Children’s book covers – review

Posted on

When making my own book I always struggle making my front cover as I tend to make it too simplistic or it doesn’t look appealing to the viewer. I went through this book and picked out the covers from various books that I found attractive and would pick up at a book store to look at further:

Front Cover
Children’s Book Cover, 2003, Written by Alan Powers.

This is the front cover of the book about front covers! Guess what, it is filled with front covers!

Alice's Adventures in Wonderland by Lewis Carroll, Page 33.
Alice’s Adventures in Wonderland, 1993, Written by Lewis Carroll, Page 33.

This is illustrated by Tony Ross who also wrote Stone Soup which I enjoyed reading as a child. It is very colourful, all based on the colour blue and he has has used ratio and perspective to create the effect of Alice being really big and can’t fit nicely anywhere. With characters hidden in the background to give a sense of what the story holds.

Alice's Adventures in Wonderland created by Lewis Carroll, Page 33.
Alice’s Adventures in Wonderland, 1907, Written by Lewis Carroll, Page 33.

This was illustrated by Arthur Rackham, a totally different take on the story. Alice is beautifully drawn using block binding for a gift book edition, she is isolated and is staring right at the viewer which could be seen as a little intimidating.

A Child's Garden of Verses written by R.L. Stevenson, Page 35.
A Child’s Garden of Verses, 1948, Written by R.L. Stevenson, Page 35.

Eve Garnett illustrated this one and it shows sentimentality with the flowers in her hand and the expression on her face. Again an isolated figure not giving much away about what is inside the story, we only know with the type above but otherwise you wouldn’t know what the book would be about.

Written by R.L. Stevenson, Page 35.
A Child’s Garden of Verses, 1966, Written by R.L. Stevenson, Page 35.

I picked this cover out as I find it really intriguing as the animals are boldly drawn and have a weird stare to them. Illustrated by Brian Wildsmith he uses bold distinct colours that tend to represent the animal. The animals are clearly not accurate but are drawn in an artistic way, looking like they have been drawn by a child. The kings in the background are more neatly rendered and stand out from the animals, if he created the kings in the same way I would have thought everything would blend into on blob of colour.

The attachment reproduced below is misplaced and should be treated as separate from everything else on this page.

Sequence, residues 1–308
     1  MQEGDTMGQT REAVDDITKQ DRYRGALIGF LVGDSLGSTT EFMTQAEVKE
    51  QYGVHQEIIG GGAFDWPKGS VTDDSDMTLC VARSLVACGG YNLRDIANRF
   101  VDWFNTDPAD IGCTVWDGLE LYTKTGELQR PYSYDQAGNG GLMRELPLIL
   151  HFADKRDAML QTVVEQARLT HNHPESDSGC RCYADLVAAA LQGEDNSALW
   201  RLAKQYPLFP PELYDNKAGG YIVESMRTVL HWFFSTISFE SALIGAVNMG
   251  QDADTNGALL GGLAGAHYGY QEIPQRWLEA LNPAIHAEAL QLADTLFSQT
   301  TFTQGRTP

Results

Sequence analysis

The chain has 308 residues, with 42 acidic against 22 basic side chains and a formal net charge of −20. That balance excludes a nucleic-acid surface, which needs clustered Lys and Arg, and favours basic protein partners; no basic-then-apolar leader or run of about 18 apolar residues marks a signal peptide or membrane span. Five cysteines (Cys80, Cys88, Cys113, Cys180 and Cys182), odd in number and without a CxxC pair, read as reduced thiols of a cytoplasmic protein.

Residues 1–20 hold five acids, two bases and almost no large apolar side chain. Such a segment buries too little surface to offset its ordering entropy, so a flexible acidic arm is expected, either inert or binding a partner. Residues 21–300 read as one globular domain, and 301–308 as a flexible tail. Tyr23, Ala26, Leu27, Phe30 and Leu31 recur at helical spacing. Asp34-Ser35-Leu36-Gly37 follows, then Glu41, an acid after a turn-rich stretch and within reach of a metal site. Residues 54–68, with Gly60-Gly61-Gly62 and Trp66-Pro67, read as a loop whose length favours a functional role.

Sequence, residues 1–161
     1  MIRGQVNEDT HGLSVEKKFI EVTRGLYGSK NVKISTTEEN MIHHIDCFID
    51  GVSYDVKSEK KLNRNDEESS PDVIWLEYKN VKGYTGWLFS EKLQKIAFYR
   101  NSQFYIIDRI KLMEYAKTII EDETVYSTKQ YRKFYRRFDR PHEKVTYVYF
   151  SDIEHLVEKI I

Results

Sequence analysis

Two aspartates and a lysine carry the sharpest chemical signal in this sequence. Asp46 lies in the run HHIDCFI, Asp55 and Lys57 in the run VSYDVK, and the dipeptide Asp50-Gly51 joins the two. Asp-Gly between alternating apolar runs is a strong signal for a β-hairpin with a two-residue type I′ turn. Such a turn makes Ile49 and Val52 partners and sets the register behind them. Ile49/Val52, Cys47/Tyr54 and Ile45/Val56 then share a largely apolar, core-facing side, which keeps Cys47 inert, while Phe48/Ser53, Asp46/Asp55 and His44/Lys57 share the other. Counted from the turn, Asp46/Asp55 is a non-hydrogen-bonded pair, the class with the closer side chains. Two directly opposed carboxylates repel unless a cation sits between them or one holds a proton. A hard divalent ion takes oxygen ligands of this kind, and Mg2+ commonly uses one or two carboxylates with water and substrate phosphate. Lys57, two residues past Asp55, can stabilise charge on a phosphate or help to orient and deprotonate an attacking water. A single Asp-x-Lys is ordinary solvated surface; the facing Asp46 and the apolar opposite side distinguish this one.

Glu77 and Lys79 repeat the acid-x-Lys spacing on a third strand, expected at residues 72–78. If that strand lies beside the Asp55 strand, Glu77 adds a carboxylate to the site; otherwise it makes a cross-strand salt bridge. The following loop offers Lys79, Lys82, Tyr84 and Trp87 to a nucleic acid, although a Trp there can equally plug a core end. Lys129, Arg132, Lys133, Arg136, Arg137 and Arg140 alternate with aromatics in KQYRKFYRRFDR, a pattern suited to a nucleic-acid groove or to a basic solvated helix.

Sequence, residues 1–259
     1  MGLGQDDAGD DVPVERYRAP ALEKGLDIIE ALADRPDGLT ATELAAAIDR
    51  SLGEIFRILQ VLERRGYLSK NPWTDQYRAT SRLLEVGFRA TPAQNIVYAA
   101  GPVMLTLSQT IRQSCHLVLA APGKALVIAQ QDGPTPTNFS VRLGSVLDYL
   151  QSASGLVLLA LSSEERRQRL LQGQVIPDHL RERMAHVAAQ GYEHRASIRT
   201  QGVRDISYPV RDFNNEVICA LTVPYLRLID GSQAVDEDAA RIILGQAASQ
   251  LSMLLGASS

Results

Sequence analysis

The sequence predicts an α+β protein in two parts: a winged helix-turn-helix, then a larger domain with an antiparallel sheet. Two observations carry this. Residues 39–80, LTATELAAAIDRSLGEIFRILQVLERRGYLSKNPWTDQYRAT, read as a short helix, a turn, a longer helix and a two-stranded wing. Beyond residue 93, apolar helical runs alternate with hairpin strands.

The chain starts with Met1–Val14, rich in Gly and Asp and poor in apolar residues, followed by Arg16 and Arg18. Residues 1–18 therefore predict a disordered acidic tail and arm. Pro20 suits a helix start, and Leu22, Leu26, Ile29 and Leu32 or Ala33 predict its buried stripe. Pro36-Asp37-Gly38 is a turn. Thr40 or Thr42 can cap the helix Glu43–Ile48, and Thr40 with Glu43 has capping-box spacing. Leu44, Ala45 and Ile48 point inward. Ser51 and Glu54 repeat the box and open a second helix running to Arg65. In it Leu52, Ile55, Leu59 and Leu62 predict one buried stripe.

In the Night Kitchen, Written by Maurice Sendak, Page 91.
In the Night Kitchen, 1971, Written by Maurice Sendak, Page 91.

Illustrated by Maurice Sendak he uses bold shapes and colours, although he uses shades of darkness and lightness to show depth in the scene. I couldn’t see what was going on in the scene until I read the little caption underneath – the boy is in an aeroplane made out of dough and is flying over New York. For me personally I like the image but I think it isn’t clearly readable on what’s going on.

Hildilid's Night, written by Cheli Duran Ryan, Page 99.
Hildilid’s Night, 1973, Written by Cheli Duran Ryan, Page 99.

I like this simple black and white drawing with the yellow bold text. Illustrated by Arnold Lobel, the scene looks like she is scared running away from the moon suggesting the topics linked to full moons are werewolves. It would make me pick up  the book as I want to know what happens to her and the story behind this scene.

P1110595
The Enormous Crocodile, 1978, Written by Roald Dahl, Page 119.